Nokia and Motorola see tough Q1 ahead
MOT Mobility reports first results as a separate firm, Nokia negative on margins
Published: 27 January, 2011
It was like old times for Nokia and Motorola, in a head-to-head on their results reports. Once the only handset makers that really mattered, the old enemies have recently been engaged in a common fight against new upstarts with stronger software offerings. The two firms announced their results almost simultaneously, and there were some interesting similarities - growth in smartphones, pressure from Apple, a difficult Q1 ahead, and a frustrating wait for the next wave of high end devices.
Nokia's results showed some familiar patterns. It increased smartphone sales (up 7% in the quarter) but not market share, highlighting its struggle to defend its lead from Apple and Android. Against more traditional rivals in the cellphone arena as a whole, it took share from Sony Ericsson and LG, but saw some fallback in its native Europe, largely, it seems, to Samsung. Chinese growth of 2% was lackluster and there are signs of Nokia's emerging markets stronghold coming under siege from low cost suppliers, though its market share remains huge (about 75% in India). Featurephone shipments fell by 5% year-on-year.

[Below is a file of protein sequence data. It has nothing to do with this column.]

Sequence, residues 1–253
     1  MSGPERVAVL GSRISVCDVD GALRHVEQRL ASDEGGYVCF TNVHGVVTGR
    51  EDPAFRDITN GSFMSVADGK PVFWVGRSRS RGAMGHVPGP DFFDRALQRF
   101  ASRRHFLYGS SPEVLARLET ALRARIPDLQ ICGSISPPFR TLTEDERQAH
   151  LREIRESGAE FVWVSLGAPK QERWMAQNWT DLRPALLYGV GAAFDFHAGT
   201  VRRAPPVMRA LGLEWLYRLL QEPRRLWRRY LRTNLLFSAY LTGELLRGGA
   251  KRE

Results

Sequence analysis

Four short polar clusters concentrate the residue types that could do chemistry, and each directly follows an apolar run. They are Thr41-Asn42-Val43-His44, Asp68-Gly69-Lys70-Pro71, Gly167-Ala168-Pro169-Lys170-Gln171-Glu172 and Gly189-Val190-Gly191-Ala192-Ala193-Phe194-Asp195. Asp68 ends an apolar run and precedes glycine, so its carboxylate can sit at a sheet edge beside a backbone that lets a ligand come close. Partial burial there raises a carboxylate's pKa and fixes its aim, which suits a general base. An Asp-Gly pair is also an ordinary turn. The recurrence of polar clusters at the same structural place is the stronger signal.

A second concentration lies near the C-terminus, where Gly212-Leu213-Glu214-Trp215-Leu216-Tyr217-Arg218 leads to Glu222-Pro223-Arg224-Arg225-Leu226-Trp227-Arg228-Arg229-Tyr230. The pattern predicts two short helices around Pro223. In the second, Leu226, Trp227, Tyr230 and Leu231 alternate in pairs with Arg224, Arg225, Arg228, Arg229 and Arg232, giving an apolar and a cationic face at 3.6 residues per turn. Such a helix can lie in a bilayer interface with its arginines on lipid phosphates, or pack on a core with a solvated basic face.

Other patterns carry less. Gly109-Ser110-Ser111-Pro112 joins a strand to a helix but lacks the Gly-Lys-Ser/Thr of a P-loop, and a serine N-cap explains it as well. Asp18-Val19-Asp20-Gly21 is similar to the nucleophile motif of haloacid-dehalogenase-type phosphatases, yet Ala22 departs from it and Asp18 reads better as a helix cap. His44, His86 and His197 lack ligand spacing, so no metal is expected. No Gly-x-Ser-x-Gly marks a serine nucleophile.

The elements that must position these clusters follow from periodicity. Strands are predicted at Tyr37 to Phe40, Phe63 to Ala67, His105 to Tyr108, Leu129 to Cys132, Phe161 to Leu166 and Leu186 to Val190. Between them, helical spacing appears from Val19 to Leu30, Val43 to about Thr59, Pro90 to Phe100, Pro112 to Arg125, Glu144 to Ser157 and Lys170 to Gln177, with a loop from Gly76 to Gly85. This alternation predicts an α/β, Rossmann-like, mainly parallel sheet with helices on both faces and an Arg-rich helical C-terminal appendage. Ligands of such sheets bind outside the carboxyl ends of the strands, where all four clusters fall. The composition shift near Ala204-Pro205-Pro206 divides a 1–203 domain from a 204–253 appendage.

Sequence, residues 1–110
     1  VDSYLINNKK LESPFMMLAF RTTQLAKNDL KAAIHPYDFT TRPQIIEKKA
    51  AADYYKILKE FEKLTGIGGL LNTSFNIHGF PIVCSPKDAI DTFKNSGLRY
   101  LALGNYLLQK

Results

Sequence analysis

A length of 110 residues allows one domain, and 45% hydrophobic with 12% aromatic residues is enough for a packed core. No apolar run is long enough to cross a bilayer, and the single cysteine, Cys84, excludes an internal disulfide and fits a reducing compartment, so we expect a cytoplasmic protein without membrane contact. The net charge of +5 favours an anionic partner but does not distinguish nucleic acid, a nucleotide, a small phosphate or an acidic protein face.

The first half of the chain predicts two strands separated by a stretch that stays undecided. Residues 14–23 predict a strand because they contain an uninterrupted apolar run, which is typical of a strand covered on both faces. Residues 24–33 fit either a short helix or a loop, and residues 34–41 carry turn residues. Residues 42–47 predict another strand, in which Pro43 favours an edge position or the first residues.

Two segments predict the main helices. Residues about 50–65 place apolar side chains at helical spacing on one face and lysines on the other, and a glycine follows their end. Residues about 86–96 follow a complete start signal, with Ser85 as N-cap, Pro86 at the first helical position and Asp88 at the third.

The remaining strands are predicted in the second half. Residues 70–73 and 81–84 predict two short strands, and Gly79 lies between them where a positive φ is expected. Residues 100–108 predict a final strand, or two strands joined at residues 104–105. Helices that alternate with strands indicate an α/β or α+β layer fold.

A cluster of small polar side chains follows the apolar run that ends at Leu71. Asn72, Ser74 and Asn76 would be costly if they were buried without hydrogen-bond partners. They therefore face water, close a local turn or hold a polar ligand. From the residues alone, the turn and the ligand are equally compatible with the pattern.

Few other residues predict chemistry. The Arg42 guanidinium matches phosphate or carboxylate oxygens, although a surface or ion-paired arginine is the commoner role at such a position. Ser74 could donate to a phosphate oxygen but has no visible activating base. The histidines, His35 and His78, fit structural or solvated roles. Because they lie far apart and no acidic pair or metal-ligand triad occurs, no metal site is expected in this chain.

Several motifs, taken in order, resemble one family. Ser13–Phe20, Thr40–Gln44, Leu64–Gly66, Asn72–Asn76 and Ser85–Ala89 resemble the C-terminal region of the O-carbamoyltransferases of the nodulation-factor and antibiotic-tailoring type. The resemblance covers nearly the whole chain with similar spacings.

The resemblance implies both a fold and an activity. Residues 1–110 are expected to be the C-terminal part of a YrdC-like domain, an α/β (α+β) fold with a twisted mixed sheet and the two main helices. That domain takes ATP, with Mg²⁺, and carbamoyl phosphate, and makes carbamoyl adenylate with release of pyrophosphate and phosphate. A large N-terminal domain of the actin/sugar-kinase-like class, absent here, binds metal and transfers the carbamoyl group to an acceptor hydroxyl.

Net income for the fourth quarter was €745m, down 21% year-on-year and the third consecutive period of reduced profit. Earnings per share were down 31% to two eurocents while sales were up 6% to €12.7bn. These figures were better than admittedly pessimistic analysts had expected, but Nokia's shares still dropped by about 5.5% on the announcement, because of two key concerns - the slow smartphone progress, despite the launch of the new Symbian platform and the flagship N8 during the quarter; and a weak Q1 outlook, especially in terms of operating margins, which Nokia expects to be between 7% and 10% in Q1, compared to 11.3% in Q410 and 15.4% in Q409.
New CEO Stephen Elop admitted there were "significant challenges" ahead. He has scarcely appeared in public since taking over, but is expected to outline a comprehensive strategic review at Nokia's investor day on February 11 in London.
Smartphone share, by Nokia's own calculations, was 31% in Q4, compared to 40% a year earlier, as Symbian's entrenched base was eroded by Android and iPhone, and to some extent a broader reach for BlackBerry devices. For the full year, Nokia saw smartphone unit sales rise by 13% but share fall from 34% to 32%.
Elop pointed to a "solid performance", particularly in cash generation, in the quarter but said in his statement: "Yet, Nokia faces some significant challenges in our competitiveness and our execution. In short, the industry changed, and now it's time for Nokia to change faster." One of the changes must be to reduce reliance on the essentially midrange Symbian and accelerate the much anticipated MeeGo devices - or opt for another OS altogether.
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